How and when did you join Zurich Instruments?
I joined Zurich Instruments in 2014. Before that, I studied physics at ETH Zurich and went to UCSB for my master’s thesis. When the financial crisis of 2008 struck the State of California I decided to return to Switzerland for a PhD in Prof. Imamoglu’s group. I worked on transmission spectroscopy of self-assembled quantum dots, and we used lock-in amplifiers for our measurements. During my PhD, we thought of buying a Zurich Instruments lock-in amplifier but eventually purchased additional SRS ones. This was unfortunate, as the lock-in amplifier measurement quality limited me.
After my PhD I looked for a job in industry. Zurich Instruments was one of the spin-offs that I saw growing during my time at ETH. I noticed that Zurich Instruments had a Test Engineering position open and thought that it would be a good fit: I could see a connection with physics research, where you approach systems as black boxes by probing them and measuring the output which you can then model to gain further understanding.
What does your job look like, and what is the most important aspect of it?
My role expanded over time, and I am now a Hardware Design Engineer/Test Engineer in the Hardware team. When I started as a Test Engineer, I helped ensure that Zurich Instruments products were calibrated for the market and assisted production in preparing the instruments to a predefined quality level. In this context, the main task is to investigate device failure ex-factory or returns from customers, finding a solution for the reported issues.
My first project was to bring the UHFLI to a mature state for the production team, but my first full-development hardware design project was the MFLI Lock-in Amplifier. It is rewarding to know that our products enable physics research and that the limitations I suffered from have been largely removed thanks to the design of our lock-in amplifiers.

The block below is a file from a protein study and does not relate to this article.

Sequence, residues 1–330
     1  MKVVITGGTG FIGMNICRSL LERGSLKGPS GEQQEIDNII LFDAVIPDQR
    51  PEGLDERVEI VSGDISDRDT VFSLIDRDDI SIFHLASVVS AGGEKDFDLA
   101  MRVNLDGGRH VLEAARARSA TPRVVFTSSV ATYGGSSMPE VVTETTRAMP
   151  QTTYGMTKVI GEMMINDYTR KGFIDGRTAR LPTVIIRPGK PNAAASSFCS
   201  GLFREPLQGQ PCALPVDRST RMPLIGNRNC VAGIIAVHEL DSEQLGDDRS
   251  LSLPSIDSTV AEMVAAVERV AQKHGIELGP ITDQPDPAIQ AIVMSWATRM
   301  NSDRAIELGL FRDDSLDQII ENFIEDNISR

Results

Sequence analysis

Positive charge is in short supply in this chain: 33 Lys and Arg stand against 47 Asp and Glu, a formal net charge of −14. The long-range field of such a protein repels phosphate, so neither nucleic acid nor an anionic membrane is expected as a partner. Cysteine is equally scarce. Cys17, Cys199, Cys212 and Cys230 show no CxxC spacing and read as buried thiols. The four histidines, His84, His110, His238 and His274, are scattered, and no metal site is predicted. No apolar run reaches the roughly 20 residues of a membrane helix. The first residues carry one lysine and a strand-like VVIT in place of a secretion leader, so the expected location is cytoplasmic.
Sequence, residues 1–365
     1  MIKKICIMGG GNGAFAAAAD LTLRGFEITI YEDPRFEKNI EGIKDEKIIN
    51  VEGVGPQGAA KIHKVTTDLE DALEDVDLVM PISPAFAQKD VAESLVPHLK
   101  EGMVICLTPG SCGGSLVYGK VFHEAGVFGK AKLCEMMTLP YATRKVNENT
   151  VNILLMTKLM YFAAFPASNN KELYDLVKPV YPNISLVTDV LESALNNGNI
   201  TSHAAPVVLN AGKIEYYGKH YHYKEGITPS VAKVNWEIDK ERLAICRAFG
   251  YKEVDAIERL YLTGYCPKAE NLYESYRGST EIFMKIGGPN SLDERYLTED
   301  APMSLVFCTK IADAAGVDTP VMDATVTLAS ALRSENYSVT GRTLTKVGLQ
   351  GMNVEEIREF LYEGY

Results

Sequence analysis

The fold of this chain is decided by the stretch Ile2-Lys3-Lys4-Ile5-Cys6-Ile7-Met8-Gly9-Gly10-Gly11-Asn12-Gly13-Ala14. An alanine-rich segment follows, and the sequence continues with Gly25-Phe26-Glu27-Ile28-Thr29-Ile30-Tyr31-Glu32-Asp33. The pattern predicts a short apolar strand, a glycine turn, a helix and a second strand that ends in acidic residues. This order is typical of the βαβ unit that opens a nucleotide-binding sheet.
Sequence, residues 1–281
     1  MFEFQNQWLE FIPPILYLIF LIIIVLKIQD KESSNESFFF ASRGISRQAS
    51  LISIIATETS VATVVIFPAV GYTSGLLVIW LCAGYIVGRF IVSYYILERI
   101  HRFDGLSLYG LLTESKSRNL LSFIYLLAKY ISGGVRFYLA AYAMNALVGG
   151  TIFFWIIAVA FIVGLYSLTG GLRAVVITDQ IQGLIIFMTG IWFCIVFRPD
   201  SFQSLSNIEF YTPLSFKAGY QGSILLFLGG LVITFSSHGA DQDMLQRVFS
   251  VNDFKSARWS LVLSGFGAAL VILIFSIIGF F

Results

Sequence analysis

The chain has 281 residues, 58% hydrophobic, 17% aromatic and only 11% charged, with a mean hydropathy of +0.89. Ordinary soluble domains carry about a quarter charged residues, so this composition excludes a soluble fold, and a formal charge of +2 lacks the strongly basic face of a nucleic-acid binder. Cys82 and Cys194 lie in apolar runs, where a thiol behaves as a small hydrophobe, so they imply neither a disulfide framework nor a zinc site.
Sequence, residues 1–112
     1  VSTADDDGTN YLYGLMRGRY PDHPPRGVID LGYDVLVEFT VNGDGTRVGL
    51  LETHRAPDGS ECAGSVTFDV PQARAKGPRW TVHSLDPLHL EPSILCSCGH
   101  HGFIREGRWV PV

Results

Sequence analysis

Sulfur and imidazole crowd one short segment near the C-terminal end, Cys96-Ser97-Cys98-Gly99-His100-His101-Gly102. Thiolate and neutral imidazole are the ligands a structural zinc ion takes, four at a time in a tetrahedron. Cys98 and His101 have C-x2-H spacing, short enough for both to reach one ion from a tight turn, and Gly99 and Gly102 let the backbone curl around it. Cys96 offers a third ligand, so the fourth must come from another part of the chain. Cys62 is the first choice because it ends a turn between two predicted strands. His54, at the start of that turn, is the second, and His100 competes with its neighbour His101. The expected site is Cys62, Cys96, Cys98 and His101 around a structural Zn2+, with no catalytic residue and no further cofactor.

I learned my product design skills on the job, and I currently focus on radio-frequency (RF) hardware design by working on input analog design. Dealing with RF is another level of challenge where my physics background helps me.
What drives me is the goal of constant quality improvement and development as well as the possibility to learn new skills on the job. I also draw my motivation and life-long learning inspiration from the way we work, where ideas can be implemented without being limited by lengthy processes. This is remarkable because the company has been growing from a 20-employee start-up to a medium-sized company with almost 100 people.
What is the most memorable Zurich Instruments moment that stayed with you?
I vividly remember the first official MFLI product shipment to customers: my colleague Adeline was packing the instrument and Flavio, a co-founder of Zurich Instruments, filmed with his camera while we waited for the shipping company to arrive. We wrote a blog post about the shipment and celebrated with a huge apero afterwards.
There are many more great moments and social events such as the “release parties”, which make Zurich Instruments not only a workplace but also a fun place to be.
How do you spend your free time?
When I don’t work I take care of my three kids. We have twin boys and their older brother, which makes for an interesting family dynamics. At the moment I work at 80%, which is another advantage of working for this company. This arrangement allows me to have more time with my family.
I also practice many sports. I am naturally a good swimmer, and then I got into biking and running which I don’t like as much – and so ended up in triathlon. I enjoy mountain biking, ski touring and hiking too.